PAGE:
Why is this so vitally important to us as humans, riggers, and rescuers? We as people, especially in today’s world, tend to take the easy way out and “believe” what we are told and this can have some downsides to it, and when it comes to technical rescue and rigging, we want to understand, comprehend and know what is happening before we jump in and make decisions on evaluating rigging solutions.
Okay, but… Why is this important?
Believing, knowing, thinking and understanding all have gradients. In the classroom, for example, an instructor might demonstrate or teach students a typical mechanical advantage system; to the fire guy, this might look one way and to a search and rescue member or mountain rescue guy it might look like something else. Both are intended to make work easier. Logic would dictate that any given mechanical advantage system intended for the fire service might not work for the mountain environment and visa versa correct? Maybe and maybe not… but why? There could be a dozen reasons, but strategy, tactics, environmental conditions, skills, available gear, the appropriate gear would be a few of them. Believing and understanding are both necessary components to learning.
- Do people actually have a reference for 12.5mm rope capacity vs 11mm rope?
- What about a large pulley vs a small pulley?
- Does holding a truck or car in mid air actually makes sense in developing an understanding of a rated anchor, or the in-line strength of a rope?
- If a single carabiner has a minimal breaking strength of 5,000 lbs and an 11mm rope as an end to end strength of 8,000 lbs and a normal sized car weighs about 5,000, why would anyone wonder if a single carabiner and single line of rescue rated rope can hold a person?
Angles of articulation, deflection, resultants, force vectors, and loss or gain of efficiency all play a part in building solid, effective, and appropriate systems.
Here’s the point: the goal of “thinking beyond our thoughts” or metacognitive strategies is to help us become comfortable with developing strategy.
When this is in place, they automatically increase our learning while focusing our attention and derive meaning when evaluating and outcome. We don’t think about these skills while performing them but, if asked what we are doing, we can usually accurately describe our thought processes which ultimately drive our strategies and tactics.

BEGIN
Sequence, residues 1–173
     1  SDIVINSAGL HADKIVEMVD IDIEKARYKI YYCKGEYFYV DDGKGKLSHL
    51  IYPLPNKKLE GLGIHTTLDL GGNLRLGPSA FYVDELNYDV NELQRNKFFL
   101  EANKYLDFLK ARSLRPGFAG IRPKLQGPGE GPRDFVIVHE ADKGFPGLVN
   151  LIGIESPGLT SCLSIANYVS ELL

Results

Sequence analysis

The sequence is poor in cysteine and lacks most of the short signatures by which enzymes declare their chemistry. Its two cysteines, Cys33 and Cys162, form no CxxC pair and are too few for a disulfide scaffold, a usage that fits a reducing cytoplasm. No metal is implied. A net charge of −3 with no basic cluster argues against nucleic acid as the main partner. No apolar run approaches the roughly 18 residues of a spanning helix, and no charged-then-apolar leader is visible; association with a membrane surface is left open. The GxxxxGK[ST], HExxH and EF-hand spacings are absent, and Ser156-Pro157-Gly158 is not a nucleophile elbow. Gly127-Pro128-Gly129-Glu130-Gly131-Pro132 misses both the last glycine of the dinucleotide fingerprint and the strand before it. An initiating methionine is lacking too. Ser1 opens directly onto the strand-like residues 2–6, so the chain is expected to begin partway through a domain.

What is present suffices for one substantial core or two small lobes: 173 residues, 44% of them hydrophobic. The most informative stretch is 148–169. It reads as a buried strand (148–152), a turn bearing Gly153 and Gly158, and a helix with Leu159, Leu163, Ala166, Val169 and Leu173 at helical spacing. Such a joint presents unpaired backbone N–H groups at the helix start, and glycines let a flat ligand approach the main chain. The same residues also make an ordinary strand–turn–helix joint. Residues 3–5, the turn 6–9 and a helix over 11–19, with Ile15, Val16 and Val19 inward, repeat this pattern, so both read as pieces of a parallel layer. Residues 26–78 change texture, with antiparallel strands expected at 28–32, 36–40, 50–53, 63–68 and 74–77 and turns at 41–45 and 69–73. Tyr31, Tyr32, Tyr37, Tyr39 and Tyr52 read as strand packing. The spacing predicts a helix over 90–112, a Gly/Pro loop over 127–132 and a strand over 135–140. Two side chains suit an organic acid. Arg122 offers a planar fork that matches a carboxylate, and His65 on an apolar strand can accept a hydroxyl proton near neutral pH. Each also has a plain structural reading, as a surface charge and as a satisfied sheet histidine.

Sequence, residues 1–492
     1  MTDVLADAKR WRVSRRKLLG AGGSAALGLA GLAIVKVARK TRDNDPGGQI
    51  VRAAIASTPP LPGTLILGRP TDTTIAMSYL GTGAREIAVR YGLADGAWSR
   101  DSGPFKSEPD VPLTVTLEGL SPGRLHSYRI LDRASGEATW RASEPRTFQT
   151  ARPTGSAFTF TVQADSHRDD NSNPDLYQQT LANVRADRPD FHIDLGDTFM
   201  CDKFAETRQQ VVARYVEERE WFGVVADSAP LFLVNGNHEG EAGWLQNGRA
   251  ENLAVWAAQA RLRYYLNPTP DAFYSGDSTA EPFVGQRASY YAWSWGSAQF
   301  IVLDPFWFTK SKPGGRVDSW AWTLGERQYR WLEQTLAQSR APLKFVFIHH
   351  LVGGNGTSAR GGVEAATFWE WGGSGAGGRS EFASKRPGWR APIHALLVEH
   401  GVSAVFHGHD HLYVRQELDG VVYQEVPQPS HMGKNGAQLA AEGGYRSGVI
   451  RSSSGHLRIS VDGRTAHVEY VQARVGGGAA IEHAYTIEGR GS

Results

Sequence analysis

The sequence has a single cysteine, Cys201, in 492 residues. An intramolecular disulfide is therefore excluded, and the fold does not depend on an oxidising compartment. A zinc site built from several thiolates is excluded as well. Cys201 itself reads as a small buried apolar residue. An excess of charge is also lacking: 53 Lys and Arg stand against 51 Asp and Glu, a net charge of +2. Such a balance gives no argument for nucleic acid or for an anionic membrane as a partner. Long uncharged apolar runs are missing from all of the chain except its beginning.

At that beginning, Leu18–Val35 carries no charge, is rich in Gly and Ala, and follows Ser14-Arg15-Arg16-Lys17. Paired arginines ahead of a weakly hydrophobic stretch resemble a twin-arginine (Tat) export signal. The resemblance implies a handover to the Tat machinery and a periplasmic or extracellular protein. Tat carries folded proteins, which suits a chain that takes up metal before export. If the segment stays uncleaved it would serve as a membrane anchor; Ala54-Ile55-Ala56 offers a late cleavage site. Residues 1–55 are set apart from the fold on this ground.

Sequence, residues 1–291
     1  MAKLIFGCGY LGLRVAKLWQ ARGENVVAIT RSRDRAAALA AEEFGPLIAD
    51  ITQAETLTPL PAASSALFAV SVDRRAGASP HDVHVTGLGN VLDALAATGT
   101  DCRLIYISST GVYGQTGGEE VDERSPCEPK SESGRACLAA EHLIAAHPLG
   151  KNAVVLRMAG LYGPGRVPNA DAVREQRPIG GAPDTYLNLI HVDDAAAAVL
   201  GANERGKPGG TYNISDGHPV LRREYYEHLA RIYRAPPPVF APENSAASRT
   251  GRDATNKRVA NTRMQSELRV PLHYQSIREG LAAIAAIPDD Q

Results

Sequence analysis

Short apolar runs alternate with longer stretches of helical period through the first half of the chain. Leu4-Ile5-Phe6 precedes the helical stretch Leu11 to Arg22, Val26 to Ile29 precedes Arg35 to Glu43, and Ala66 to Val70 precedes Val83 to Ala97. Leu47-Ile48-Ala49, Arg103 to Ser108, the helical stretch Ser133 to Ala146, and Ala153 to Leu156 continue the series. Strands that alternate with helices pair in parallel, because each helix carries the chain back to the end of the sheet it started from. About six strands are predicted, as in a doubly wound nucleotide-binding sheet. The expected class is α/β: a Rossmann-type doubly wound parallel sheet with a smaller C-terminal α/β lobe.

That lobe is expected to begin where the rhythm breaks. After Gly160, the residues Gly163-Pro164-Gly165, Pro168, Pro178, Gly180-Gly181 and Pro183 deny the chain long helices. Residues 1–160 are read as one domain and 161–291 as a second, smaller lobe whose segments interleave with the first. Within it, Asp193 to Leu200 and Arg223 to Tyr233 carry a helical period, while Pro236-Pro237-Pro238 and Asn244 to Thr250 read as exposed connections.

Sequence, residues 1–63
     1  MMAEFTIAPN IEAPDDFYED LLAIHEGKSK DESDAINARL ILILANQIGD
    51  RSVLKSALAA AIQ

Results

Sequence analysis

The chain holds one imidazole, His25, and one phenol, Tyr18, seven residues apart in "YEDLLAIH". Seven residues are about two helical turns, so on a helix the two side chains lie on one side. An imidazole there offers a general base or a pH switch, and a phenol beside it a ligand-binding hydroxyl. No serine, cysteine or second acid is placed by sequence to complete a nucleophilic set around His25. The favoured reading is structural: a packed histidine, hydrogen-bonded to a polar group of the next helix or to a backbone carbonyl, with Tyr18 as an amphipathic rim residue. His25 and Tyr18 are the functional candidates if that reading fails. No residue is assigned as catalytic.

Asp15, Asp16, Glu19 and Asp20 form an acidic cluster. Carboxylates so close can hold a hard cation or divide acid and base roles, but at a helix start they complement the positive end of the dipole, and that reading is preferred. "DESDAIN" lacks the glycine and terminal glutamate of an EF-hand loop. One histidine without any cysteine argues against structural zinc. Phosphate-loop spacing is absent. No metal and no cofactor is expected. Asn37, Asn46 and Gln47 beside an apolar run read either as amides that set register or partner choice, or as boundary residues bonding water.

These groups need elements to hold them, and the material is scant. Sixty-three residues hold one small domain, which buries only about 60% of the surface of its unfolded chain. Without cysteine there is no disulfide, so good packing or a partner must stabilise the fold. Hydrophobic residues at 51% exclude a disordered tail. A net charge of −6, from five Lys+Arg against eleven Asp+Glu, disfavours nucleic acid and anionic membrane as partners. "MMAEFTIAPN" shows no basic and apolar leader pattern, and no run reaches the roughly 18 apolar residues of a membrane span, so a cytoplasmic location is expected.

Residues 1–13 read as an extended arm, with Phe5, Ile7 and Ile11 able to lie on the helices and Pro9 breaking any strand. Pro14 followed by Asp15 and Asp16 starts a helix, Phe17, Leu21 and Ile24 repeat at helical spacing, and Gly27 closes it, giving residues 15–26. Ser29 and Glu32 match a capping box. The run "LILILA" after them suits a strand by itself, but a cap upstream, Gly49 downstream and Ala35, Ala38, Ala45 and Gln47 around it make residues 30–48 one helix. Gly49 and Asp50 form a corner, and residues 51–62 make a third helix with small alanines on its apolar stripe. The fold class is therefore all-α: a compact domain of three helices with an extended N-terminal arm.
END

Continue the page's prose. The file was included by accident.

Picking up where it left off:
Some types of metacognitive knowledge would include…
- Content knowledge (declarative knowledge) which is understanding one’s own capabilities, such as a student evaluating his/her own knowledge of a subject in a class. It is notable that not all metacognition is accurate. Studies have shown that students often mistake lack of effort with understanding in evaluating themselves and their overall knowledge of a concept. Also, greater confidence in having performed well is associated with less accurate metacognitive judgment of the performance.
- Task knowledge (procedural knowledge), which is how one perceives the difficulty of a task which is the content, length, and the type of assignment. Again, the accuracy of this knowledge was skewed as students who thought their way was better/easier also seemed to perform worse on evaluations, while students who were rigorously and continually evaluated reported to not be as confident but still did better on initial evaluations.
- Strategic knowledge (conditional knowledge) which is one’s own capability for using strategies to learn information. Young children are not particularly good at this; it is not until students are in upper elementary school that they begin to develop an understanding of effective strategies.
Peace on your Days